March 6, 2018 (Community in Mission) – A disturbing report came from the Pentagon in 2014 that speaks to the overall condition of our country. Here is a summary:
Nearly 71 percent of the 34 million 17-to-24-year-olds in the U.S. do not qualify for military service for reasons related to health, physical appearance, and educational background, according to the Pentagon.
Obesity is the most common reason for being turned away, but others are disqualified because they lack a high school diploma/GED, are convicted felons, or are taking prescription drugs for ADHD. From a cosmetic standpoint, ear gauges and certain tattoos. While some requirements can be waived, others cannot.
The upshot is that only 1 percent of young people are both “eligible and inclined to have conversation with” the military about possible service, according to the Defense Department. The quality of people willing to serve has been declining rapidly (Sources: Time and the Wall Street Journal).
There are of course many standards by which to judge the health of a nation, but military readiness is surely one of them. As Rome declined something similar happened. The Roman Army was increasingly staffed by mercenaries, many of whom were barbarians or slaves. Roman citizens lost interest in defending their land, but they also lost their fitness for such duty through luxurious living, weight gain, alcoholism, and sexually transmitted diseases.
What of us as a nation? Obesity among the young has increased dramatically since I was a boy. Young people today engage in less physical activity than the youth of my time, who watched much less television and did have not computers or video games to fill their time. We rode bikes, played pick-up football, and built tree forts. In those days, fewer than 1 in 20 kids was obese. Today, it is about 1 in 6. It also seems to me that there is something different about the food we eat today. I ate a lot throughout my 30s without gaining a pound; so did most people my age (I am in my late 50s). Something seems to have changed in the way food is prepared; I suspect a lot more sugar is being used.
As for the other problems of no high school diploma, prescription drugs for ADHD, felonies, and tattoos, this speaks to the decline of family life and the overwhelming influence of social media and those little blue screens that engross so many of us.
Of course I am a priest, not a sociologist, nutritionist, or doctor; but nothing in this report bodes well for us. On a spiritual level, it also speaks to our difficulty in accepting and being ready for sacrifice. Indeed, there is more than a physical war to be fought; there is also a spiritual one. Scripture speaks of this:
- Join me in suffering, like a good soldier of Christ Jesus (2 Tim 2:3).
- But you, O man of God, flee from these things and pursue righteousness, godliness, faith, love, perseverance, and gentleness. Fight the good fight of the faith. Take hold of the eternal life to which you were called (1 Tim 6:12).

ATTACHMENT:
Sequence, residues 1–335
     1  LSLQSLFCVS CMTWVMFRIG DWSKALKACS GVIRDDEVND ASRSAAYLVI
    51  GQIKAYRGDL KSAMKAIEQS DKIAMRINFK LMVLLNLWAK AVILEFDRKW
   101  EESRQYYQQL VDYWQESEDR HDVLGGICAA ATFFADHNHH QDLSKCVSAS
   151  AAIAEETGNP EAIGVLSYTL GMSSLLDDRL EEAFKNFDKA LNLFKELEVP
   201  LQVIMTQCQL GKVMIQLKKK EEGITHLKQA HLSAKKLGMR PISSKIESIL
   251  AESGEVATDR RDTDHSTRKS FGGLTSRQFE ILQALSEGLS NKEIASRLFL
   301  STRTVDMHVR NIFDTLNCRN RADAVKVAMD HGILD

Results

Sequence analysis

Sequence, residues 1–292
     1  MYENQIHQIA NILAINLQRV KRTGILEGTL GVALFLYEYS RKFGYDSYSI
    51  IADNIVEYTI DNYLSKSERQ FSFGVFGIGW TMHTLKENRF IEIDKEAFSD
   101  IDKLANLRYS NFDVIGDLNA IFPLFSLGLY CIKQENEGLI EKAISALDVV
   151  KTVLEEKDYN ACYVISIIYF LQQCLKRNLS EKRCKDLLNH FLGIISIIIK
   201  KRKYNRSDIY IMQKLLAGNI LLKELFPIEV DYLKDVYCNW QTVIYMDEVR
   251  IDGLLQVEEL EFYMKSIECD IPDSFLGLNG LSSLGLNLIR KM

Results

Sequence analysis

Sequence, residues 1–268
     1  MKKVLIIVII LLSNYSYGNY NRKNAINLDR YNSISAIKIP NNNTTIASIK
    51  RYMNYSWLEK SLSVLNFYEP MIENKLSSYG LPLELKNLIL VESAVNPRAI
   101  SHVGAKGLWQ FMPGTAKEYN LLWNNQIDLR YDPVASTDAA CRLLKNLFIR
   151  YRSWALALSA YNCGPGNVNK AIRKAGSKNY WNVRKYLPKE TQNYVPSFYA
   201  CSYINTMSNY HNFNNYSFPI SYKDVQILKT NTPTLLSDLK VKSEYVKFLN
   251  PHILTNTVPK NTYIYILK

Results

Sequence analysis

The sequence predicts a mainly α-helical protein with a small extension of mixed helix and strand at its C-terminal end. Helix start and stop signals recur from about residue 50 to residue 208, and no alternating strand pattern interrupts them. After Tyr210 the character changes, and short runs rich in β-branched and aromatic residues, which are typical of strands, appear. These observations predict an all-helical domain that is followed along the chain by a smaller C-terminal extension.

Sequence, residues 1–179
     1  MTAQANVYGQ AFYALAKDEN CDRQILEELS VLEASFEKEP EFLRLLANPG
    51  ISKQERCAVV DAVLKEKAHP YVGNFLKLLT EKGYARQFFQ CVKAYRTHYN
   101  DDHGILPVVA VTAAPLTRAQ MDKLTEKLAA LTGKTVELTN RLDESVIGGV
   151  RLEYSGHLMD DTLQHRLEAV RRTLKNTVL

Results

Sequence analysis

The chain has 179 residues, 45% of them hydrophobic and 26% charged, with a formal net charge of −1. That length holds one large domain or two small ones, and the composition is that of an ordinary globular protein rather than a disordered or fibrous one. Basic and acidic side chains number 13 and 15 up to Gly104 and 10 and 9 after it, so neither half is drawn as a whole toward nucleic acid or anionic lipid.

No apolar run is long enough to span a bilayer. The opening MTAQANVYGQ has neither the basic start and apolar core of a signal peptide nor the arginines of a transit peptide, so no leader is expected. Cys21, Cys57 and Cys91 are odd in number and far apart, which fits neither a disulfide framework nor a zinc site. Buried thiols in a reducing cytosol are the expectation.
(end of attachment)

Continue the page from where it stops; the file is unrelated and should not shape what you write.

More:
- Everyone who competes in the games trains with strict discipline. They do it for a crown that is perishable, but we do it for a crown that is imperishable (1 Cor 9:25).
- If the trumpet does not sound a clear call, who will get ready for battle? (1 Cor 14:8)
- Therefore, put on the full armor of God, so that when the day of evil comes, you may be able to stand your ground, and after you have done everything, to stand. Stand firm then, with the belt of truth buckled around your waist, with the breastplate of righteousness in place, and with your feet fitted with the readiness that comes from the gospel of peace. In addition to all this, take up the shield of faith, with which you can extinguish all the flaming arrows of the evil one (Eph 6:13-16).
Thus, even as we mourn the loss of battle-readiness in our nation, we also need to lament the lack of readiness for spiritual combat. Too few of us can bother ourselves to fast, even for an hour before Holy Communion. We find it difficult to get to Mass on Holy Days, to spend time each day in prayer, or to give up something on Fridays. Even the smallest sufferings can cause us to become discouraged and depressed.
Simply criticizing ourselves may not be the answer. Rather, calling on God to assist us in getting ourselves “back into shape” may be better. Pick just one or two things to work on, for example spending more time in prayer or offering a sacrifice (e.g., abstinence) on all Fridays of the year. Once these have been accomplished, try to add others. “Fast” from foolish shopping; restrict your portion sizes. Small, consistent steps may get us further than self-reproach and pursuing unrealistically ambitious resolutions.
Too many of us are out of shape for battle! Lent is a time to do some spiritual pushups and to take up the fuller armor of God.
Published with permission from Community in Mission.